NCBI Bookshelf. A service of the National Library of Medicine, National Institutes of Health.

StatPearls [Internet]. Treasure Island (FL): StatPearls Publishing; 2018 Jan-.

Cover of StatPearls

StatPearls [Internet].

Show details

Oxcarbazepine

; .

Author Information

Last Update: October 27, 2018.

Indications

Oxcarbazepine is a 10-keto derivative of carbamazepine which came to the market in 2000. However, the minor structural differences in between oxcarbazepine and carbamazepine have led to major differences in the induction of metabolic pathways and the metabolism of the two medications.

Oxcarbazepine is available as an extended release (XR). It is known as a member of a class of medications known as anticonvulsants and voltage-sensitive sodium channel antagonists. Oxcarbazepine is FDA-approved for partial seizures in adults with epilepsy or partial seizures in children with epilepsy ages 4 to 16. This medication can be used as monotherapy or adjunctive to another medication for the management of seizures. Oxcarbazepine is also used for bipolar disorder; however, this medication is not yet FDA-approved for bipolar disorder.

Mechanism of Action

Oxcarbazepine binds to sodium channels and inhibits the high-frequency repetitive neuronal firing. Oxcarbazepine also inhibits the release of glutamate. This medication is metabolized by the liver and excreted by the kidneys. Oxcarbazepine is very rapidly converted to licarbazepine which is its active metabolite. Licarbazepine is responsible for the antiseizure activity of oxcarbazepine. The half-life of oxcarbazepine is 1 to 3.7 hours while the half-life of licarbazepine is 8 to 10 hours. Oxcarbazepine has not been shown to induce autoinduction of its metabolism such as carbamazepine.

Oxcarbazepine is known to be a weak inducer of the CYP 3A4. CYP 3A4 plays a role in estrogen metabolism. Thus oxcarbazepine can reduce the efficacy of oral contraceptives when used in high doses. Oxcarbazepine is a weak inhibitor of CYP 2C19 and can, therefore, arise phenytoin levels when used very high doses. Oxcarbazepine itself is not affected by CYP 3A4 inhibitors like carbamazepine is.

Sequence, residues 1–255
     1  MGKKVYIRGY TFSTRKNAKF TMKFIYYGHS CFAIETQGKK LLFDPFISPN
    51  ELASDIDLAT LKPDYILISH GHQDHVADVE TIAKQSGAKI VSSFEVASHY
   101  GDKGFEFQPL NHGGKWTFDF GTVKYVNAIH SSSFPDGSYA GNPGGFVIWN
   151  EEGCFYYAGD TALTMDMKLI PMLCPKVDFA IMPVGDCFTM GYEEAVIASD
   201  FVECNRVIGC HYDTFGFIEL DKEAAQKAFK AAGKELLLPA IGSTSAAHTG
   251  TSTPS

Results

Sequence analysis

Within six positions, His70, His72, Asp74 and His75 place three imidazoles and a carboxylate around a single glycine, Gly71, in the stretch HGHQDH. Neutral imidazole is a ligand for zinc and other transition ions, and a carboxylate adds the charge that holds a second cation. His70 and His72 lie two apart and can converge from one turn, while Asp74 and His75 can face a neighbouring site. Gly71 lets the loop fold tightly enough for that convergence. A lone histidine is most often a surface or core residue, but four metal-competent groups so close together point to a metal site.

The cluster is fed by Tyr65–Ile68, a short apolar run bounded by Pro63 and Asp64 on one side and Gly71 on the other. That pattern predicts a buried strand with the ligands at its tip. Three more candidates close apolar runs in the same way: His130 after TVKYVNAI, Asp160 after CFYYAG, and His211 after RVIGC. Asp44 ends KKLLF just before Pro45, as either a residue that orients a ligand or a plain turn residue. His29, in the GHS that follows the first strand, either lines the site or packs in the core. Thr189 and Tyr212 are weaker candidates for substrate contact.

Administration

Oxcarbazepine is only available in the oral form at this time; both tablets and liquid formulations are available. Oxcarbazepine shows rapid and nearly complete absorption after oral administration, about 95% absorption. The usual doses range for oxcarbazepine is 1200 to 2400 mg per day. Whether using oxcarbazepine for monotherapy or adjunct for seizure control, the initial dose can be 600 mg per day divided into 2 separate doses. For monotherapy of patient with a seizure, disorder physician may increase by 300 mg every 3 days to a dose of 1200 mg daily. Doses as high as oxcarbazepine 2400 mg daily have been shown to be effective when changing to monotherapy. For adjunctive therapy for seizure control may increase at 600 mg at weekly intervals to a total of 1200 mg daily in 2 divided doses for immediate release and 1200 to 2400 mg daily for extended release.

When using oxcarbazepine with other sedating medications physician should slowly titrate medication for the patient to best tolerate the sedating side effects of medications.

Immediate release medication should be taken 2 times a day, can take with or without food. The liquid formulation may be mixed with water for better tolerability of medications.

Extended-release medication should be taken one time a day. It is important to take the extended-release oxcarbazepine on an empty stomach and not to cut or crush the medication before ingesting it.

It is very important to slowly taper off oxcarbazepine. If oxcarbazepine is suddenly discontinued, it may cause epilepsy patient to seize or may cause a relapse of a bipolar patient.

Adverse Effects

Oxcarbazepine can lead to central nervous system (CNS) side effects due to its blockade of voltage-sensitive sodium channels. Some common side effects that patients experience when taking oxcarbazepine are sedation, dizziness, abnormal gait, headache, ataxia, fatigue, confusion, nausea, vomiting, abdominal pain, or rash. Hyponatremia and increase suicidal ideation are 2 of the most dangerous and life-threatening side effects which patients may experience while taking oxcarbazepine. Weight gain and sedation can occur as well in a minority of patients. If patients have experienced hypersensitivity with carbamazepine, they are more likely to experience hypersensitivity with oxcarbazepine. When experiencing a side effect, it is recommended to wait and continue medication if the side effect is not disruptive to life or dangerous, with time most side effects do end. If side effects continue, physicians should consider switching to another agent, and augmenting oxcarbazepine with another agent is usually not successful. It is important to note that side effects may increase when increasing the dose of oxcarbazepine.